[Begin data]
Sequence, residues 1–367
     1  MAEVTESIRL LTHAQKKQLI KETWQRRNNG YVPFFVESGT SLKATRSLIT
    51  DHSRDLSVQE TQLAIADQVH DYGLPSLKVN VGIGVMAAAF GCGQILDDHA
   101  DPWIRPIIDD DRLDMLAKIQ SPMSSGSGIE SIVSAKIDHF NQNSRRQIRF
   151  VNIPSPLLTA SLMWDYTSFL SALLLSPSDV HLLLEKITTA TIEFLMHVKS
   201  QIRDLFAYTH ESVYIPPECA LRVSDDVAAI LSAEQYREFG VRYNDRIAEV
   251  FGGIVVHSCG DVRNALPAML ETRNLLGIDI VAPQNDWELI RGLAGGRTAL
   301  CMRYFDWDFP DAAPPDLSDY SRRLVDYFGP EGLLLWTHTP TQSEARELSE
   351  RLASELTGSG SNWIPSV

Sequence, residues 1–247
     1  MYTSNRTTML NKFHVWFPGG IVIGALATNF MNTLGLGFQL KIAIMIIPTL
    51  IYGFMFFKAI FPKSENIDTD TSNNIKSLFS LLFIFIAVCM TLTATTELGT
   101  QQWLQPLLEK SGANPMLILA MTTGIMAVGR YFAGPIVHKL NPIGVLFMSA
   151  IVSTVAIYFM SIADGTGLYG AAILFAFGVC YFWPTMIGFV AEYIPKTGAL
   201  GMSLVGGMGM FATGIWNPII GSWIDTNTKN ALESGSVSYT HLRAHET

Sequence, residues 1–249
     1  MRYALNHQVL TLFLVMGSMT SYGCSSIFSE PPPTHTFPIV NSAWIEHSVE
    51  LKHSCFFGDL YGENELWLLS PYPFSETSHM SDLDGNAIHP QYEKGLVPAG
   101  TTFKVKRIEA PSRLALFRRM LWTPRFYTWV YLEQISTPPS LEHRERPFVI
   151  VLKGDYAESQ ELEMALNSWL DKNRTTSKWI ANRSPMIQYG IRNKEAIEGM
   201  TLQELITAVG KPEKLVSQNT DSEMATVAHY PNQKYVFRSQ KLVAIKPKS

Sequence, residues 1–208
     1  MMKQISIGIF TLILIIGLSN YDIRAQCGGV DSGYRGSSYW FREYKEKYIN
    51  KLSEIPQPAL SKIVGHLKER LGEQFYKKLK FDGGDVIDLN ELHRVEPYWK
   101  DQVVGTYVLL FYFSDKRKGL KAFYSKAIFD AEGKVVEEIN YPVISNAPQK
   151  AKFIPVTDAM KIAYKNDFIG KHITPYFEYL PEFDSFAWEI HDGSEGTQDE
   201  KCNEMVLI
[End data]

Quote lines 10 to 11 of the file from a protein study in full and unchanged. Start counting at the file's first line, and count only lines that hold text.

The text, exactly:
Sequence, residues 1–247
     1  MYTSNRTTML NKFHVWFPGG IVIGALATNF MNTLGLGFQL KIAIMIIPTL